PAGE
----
Most people associate Twickenham with rugby. As home to England Rugby with a stadium that seats a crowd of 82,000 for a big match, it’s most visitors’ reason for coming here. However, Twickenham has other claims to fame and just a fairly short walk along the Thames from Eel Pie Island, just off the high street in Twickenham, to Richmond Bridge (about 3km/2 miles) is a good indicator of all that Twickenham has to offer in terms of history and a beautiful location in SW London.
I set off soon after 9am this morning. It had been a foggy start as you’ll see from my photos, but by the time I got to Richmond Bridge, the fog had pretty much burned off revealing sun, blue skies and the promise of a fine autumn day. It takes me about 10 minutes from my house to head down to the centre of Twickenham where from King Street, I took a side road – Wharf Lane – down to the Thames and saw Eel Pie Island in front of me.
It’s said that Eel Pie Island may have been a ‘courting’ ground for Henry VIII. It gained its name from as far back as the 17th century when day trippers picnicked on pies made from locally caught eels. In more recent history, it became a famous venue for music in the 1960s when fans flocked to its hotel to hear bands such as The Who and the Rolling Stones when they were starting out.
The hotel closed in 1967 and was burned down in 1971. The island is private property and although you can cross the footbridge (built in 1957) on to it, you can’t access much of the island. It’s now home to small local business and there’s an artists’ community where many artists and crafts people have studios and workshops. Twice a year, during Art Open House weeks (June and December), you’ll find more of the island open to take a proper look.
There are lots of rowing and sailing clubs and so you’ll often see canoes or small sailing boats out on the river.
Walking along from the Eel Pie Island bridge towards Richmond, you’ll soon come to the Barmy Arms pub on your left.
The pub has a 400-year history and was previously called the Queens Head but when an owner started putting a Christmas tree there upside down, it was given the name ‘Barmy Arms’ – ‘barmy’ being the word for an eccentric or fool. The pub also has a music history and groups like the Rolling Stones, Genesis and Rod Stewart played there back in the area’s rock heydays in the sixties.
Just past the Barmy Arms you’ll see a passage leading to the Mary Wallace Theatre.
This tiny theatre is home to the Richmond Shakespeare Society, which was founded in 1934. The society regularly put on productions of Shakespeare plays but other plays too. In the summer they often perform in the nearby York House Gardens.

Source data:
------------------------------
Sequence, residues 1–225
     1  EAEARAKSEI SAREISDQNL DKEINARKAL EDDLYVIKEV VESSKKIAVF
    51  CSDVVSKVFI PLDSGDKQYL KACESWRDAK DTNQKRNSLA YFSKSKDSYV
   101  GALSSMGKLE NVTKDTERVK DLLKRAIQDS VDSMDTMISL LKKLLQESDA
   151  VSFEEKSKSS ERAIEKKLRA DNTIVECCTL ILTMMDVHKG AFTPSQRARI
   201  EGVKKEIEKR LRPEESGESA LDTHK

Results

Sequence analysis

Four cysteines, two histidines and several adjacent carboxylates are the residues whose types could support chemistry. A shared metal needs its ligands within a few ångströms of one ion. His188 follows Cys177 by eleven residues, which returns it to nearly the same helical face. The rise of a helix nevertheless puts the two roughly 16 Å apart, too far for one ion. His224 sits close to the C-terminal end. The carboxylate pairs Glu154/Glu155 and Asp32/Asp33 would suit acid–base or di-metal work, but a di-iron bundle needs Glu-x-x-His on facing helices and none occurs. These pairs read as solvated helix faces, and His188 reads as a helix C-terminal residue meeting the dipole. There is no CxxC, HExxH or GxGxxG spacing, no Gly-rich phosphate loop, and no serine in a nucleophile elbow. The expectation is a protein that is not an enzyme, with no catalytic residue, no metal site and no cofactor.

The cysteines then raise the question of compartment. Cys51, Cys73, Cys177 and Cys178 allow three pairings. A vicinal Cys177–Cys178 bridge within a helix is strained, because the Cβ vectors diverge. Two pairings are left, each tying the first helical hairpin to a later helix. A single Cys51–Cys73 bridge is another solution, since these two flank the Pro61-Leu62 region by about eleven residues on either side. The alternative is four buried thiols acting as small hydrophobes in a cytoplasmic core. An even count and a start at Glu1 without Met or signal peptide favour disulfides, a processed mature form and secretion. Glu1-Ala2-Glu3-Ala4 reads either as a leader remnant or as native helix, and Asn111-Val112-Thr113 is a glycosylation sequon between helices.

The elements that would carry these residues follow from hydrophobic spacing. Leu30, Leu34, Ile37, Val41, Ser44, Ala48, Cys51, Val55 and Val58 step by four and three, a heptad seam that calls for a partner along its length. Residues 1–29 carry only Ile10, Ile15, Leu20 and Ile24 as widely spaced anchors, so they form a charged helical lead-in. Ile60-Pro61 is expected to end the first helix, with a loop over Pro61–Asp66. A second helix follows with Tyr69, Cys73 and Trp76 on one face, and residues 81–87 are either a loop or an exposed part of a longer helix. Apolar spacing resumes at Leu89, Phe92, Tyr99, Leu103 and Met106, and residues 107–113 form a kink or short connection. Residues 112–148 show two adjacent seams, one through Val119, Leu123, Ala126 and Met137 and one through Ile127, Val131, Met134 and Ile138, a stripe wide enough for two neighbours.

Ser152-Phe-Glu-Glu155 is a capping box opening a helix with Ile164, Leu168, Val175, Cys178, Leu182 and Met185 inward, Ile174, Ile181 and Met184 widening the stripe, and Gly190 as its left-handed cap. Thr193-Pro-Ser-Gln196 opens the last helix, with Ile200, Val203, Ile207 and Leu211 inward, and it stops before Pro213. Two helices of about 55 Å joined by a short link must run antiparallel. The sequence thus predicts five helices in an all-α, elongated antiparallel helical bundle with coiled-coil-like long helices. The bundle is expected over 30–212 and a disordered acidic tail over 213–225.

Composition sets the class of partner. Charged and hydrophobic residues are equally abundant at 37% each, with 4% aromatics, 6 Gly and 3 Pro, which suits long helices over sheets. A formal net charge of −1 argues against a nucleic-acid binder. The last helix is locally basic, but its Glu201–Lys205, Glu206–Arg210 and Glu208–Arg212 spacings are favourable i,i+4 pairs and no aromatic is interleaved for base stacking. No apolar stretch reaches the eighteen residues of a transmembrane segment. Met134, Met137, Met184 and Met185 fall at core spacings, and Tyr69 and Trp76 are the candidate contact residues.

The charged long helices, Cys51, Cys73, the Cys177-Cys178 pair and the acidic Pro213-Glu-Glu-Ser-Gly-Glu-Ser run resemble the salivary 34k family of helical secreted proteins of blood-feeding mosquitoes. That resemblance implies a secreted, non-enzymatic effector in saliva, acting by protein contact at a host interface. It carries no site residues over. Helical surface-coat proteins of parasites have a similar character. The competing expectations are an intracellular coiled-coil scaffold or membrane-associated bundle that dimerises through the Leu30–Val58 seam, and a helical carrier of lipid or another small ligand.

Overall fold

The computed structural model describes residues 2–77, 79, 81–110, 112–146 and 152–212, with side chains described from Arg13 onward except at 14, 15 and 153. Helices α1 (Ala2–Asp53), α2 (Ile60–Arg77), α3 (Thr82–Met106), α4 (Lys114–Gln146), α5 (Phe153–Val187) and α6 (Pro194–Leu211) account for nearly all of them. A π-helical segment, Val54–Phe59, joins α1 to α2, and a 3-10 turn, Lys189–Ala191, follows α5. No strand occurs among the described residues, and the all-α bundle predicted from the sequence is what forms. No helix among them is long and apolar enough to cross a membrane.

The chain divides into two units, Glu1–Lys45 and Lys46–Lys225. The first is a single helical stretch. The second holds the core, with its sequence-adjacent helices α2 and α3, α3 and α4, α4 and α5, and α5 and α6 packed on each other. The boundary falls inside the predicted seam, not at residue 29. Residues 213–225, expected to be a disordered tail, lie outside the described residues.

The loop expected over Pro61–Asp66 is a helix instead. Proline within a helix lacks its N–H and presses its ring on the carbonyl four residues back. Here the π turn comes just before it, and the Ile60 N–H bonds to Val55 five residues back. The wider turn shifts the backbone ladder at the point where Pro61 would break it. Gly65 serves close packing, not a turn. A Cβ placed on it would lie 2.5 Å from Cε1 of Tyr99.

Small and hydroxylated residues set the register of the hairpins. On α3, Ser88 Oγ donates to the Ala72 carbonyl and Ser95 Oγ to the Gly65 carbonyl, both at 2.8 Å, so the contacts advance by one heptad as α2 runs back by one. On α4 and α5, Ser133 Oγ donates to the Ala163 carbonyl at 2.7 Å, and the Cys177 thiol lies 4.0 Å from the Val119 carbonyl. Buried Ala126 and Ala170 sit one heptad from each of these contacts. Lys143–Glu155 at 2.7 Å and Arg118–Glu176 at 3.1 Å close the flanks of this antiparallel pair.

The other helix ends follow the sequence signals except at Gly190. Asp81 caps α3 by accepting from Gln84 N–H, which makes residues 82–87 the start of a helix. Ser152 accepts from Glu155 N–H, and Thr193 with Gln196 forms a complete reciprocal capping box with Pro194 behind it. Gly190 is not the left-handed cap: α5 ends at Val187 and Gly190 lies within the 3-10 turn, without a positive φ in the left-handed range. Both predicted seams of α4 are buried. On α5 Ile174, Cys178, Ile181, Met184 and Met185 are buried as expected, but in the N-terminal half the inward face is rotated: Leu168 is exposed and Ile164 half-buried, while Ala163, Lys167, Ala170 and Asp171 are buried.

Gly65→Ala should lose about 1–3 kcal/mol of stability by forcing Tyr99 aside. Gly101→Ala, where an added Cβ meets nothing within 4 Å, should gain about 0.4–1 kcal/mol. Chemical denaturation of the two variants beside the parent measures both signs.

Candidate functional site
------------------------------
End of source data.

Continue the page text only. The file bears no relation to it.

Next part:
Just a little way further along Embankment, you’ll see the slightly raised area known as Champions’ Wharf with a sculpture park and ‘beach’ play area for children, complete with a ‘viking boat’ kids can play in.
As you make your way round from the river on to a road, to get into the park, you’ll see St Mary’s Church to your left. The 18th century poet, Alexander Pope, is buried there and gives his name to many local road like Pope’s Grove and Pope’s Avenue.
A sign high up in the wall, just to the left of the road sign, indicates the height the river flooded to in the 18th century – very high indeed! It no doubt accounts for the name of a nearby road: Flood Lane.
Walk up Church Lane and you’ll see the Twickenham Museum (open on Tuesdays and Saturdays) on the left.
At the top end of this road, to the left, is Church Street, one of the prettiest roads in Twickenham full of lots of small independent shops and cafés and restaurants (see: Masaniello, Corto Italian Deli, Pinchos, Osteria Pulcinella). On summer weekends evenings, the road is closed off and restaurants put chairs and tables outside for diners, bringing a touch of the Mediterranean to Twickenham.
Take a little wander down a number of small alleyways nearby and you’ll find pretty cottages and views.
Going back to the river, take the steps up into Champions’ Wharf and cross diagonally to an archway that takes you to a path alongside the river.
This is such a beautiful view. A little way along on the left, a path leads into some gardens, part of York House. There, to your left, you’ll be confronted by most amazing sight of a very elaborate fountain with sculptures.
The ‘Oceanides’ were carved in Rome in the 19th century and brought to UK in 1904 and then to York House by its last owner in 1909. York House is no longer privately owned, but local council offices.
Backtrack through Champions’ Wharf and back on to Riverside road. You’ll pass under a stone footbridge that leads from the gardens with the fountain into the main York House gardens. Further on, you’ll find The White Swan pub on your left.
The pub dates back to the 17th century. It has a large terraced area that’s great for drinking and eating in the summer with a view over to Eel Pie Island.